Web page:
You can’t fire someone because of their skin color, gender or creed, and I’m glad we live in a country where that is the case. However, you should always be able to fire someone for not doing their damn jobs, but that takes actual work in the training, documentation and quality control of your damn employees. I guarantee, there are a million qualified workers of any race, gender or creed who are willing to fill the slot of your incompetent worker of any race, gender or creed and do a better job. Managers have to let them.
Instead, we’ve become a milquetoast society that is not ready to actually make sure our employees are doing their jobs because our managers don’t have the stones to do theirs. Yet, we’re the most productive society on earth because our workforce is filled with underemployed individuals who can’t get a job higher up the chain, who are working their butts off to cover their own rear ends and the rear ends of at least one incompetent co-worker.
You can look at the big American-Car-Company-Who-Can’t-Make-Money that made headlines yesterday if you think I’m lying about any of this.
Affirmative action ain’t your problem, is what I’m saying. It is lack of follow through and people making excuses. That ain’t a ‘liberal’ problem or a ‘conservative’ problem, that’s a ‘competency’ problem. That’s ‘our’ problem, because all of us who know better have to work hard against incompetency.
In closing, I will share with you the moment I lost faith in the anti-affirmative action/reverse discrimination crowd. It was when the University of Georgia’s Supreme Leader decided not to actually defend OUR affirmative action policy, that was not actually an affirmative action policy at all, but got to feed the myth that affirmative action is wrong.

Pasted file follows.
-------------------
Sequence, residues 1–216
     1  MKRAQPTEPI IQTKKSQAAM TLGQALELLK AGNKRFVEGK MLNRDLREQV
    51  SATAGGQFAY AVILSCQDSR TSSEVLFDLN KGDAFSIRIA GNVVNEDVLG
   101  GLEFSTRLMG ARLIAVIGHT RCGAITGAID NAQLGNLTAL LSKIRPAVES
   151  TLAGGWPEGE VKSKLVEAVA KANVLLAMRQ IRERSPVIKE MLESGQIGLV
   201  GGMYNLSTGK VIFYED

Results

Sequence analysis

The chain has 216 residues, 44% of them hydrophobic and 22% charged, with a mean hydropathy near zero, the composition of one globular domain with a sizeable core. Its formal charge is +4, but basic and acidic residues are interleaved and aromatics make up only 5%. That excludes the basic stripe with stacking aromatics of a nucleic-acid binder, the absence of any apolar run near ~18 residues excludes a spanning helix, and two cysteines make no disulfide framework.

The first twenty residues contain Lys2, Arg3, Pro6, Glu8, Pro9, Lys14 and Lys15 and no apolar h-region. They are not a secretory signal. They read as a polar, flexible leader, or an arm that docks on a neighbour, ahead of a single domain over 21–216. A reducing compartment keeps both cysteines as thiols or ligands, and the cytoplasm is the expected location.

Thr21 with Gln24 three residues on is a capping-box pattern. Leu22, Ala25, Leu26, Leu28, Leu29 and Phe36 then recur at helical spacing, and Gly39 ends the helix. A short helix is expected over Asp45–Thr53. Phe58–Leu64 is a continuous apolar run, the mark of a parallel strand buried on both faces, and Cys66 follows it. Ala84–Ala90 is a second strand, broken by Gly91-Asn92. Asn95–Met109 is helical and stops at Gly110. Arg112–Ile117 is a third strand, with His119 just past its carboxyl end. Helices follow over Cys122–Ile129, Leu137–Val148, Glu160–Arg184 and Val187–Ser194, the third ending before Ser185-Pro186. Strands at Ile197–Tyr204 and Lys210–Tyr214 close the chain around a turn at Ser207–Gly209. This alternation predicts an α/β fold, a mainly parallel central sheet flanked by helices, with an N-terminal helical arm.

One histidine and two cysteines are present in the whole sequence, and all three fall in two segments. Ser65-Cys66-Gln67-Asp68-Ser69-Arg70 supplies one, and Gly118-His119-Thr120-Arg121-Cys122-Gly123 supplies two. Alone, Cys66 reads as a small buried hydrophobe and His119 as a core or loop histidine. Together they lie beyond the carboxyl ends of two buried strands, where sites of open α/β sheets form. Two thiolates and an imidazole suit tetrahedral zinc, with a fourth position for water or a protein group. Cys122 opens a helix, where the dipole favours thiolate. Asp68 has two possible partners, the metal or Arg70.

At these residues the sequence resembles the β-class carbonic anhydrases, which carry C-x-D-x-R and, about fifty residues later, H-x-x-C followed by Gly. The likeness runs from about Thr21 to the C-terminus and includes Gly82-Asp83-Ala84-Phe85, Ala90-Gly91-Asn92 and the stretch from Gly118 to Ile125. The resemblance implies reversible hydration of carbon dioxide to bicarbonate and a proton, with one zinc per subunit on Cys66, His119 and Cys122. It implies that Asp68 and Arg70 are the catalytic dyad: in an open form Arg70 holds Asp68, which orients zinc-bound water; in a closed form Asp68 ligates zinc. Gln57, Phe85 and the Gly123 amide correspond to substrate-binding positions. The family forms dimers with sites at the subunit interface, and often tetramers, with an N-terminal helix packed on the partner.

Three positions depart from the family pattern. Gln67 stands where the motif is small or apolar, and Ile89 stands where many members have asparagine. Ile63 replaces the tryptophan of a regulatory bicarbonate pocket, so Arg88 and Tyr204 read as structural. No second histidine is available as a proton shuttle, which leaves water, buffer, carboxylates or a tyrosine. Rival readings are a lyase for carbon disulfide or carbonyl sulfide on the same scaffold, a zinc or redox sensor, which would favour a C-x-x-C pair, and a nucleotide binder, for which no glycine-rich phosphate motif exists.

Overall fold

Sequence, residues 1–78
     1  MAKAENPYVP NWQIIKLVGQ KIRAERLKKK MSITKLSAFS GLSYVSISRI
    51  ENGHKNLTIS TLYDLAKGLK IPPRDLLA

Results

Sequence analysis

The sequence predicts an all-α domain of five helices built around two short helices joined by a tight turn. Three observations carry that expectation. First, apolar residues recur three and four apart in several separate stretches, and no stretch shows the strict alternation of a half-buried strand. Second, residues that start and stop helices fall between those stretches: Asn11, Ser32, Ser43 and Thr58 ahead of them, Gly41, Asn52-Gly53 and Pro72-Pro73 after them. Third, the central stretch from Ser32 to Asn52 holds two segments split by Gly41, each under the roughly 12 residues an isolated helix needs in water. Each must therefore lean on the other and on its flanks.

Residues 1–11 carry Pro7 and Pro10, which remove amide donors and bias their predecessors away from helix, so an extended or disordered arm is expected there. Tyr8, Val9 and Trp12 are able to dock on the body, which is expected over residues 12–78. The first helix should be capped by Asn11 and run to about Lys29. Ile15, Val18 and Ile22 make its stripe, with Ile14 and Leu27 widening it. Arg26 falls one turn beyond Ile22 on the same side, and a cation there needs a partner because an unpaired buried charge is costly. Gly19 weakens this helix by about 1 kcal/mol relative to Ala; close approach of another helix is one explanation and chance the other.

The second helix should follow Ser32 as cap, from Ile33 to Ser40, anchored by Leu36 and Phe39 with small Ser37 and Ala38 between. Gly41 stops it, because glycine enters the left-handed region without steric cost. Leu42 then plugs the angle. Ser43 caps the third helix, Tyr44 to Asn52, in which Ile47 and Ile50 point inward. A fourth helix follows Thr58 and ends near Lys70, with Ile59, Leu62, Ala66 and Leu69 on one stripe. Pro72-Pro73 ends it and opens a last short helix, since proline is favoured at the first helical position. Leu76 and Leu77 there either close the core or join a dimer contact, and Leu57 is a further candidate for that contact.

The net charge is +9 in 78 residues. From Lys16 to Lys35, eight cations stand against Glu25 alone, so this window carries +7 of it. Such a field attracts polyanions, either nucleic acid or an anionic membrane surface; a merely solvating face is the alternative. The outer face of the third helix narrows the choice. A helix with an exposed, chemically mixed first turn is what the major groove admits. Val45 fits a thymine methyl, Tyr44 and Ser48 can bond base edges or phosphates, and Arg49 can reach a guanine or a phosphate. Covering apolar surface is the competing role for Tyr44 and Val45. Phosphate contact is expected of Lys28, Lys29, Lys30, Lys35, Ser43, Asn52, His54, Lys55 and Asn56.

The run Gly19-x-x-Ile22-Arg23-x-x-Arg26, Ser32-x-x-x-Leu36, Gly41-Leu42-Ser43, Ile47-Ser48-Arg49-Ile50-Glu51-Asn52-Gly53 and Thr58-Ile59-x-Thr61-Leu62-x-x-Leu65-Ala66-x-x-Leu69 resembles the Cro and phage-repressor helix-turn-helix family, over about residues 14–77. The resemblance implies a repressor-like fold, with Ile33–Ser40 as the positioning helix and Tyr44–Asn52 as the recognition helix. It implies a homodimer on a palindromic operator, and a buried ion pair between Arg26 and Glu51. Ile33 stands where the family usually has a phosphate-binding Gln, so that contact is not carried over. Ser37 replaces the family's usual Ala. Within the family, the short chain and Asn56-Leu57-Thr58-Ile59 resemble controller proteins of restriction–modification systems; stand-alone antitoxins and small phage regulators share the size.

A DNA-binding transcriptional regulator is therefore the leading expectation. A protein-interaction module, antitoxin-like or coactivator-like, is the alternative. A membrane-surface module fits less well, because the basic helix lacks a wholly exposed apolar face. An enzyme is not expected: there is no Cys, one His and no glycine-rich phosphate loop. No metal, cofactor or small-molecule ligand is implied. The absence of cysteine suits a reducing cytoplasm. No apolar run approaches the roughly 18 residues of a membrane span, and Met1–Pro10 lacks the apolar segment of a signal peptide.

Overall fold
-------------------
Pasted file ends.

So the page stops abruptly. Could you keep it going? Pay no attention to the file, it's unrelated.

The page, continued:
In the realm of UGA admissions (and this is a highly generalized description of what was told to me by university admissions officials), we had standards for students who applied. On the first tier were students who had GPA’s and SAT scores over thus and such. All of those applicants were accepted to keep them from going to UNC. Then there was another tier of lower SAT’s and GPA’s. They got accepted as well. Then there was the third tier, with SATs and GPAs bordering on the “you don’t gotta go home, but you can’t come here”* level. Many of these students were considered a ‘tie’ for entrance, and the point system went into effect.
The point system was a 14 item (if I remember correctly) list of descriptions of the student where, if you fit a description, you’d get either .5 or 1 point. On this list were the questions of gender and race, and you got a point if you were in the minority of the UGA student body. BUT also on this list were questions of ‘did your parents attend UGA,’ and ‘did you live in a rural county.’ Both of those, in Georgia, were slanted towards white people getting points towards easing the tie. There were other questions about extracurricular activities and what not, but those four questions leapt off the page at me, because those are the things I pay attention to.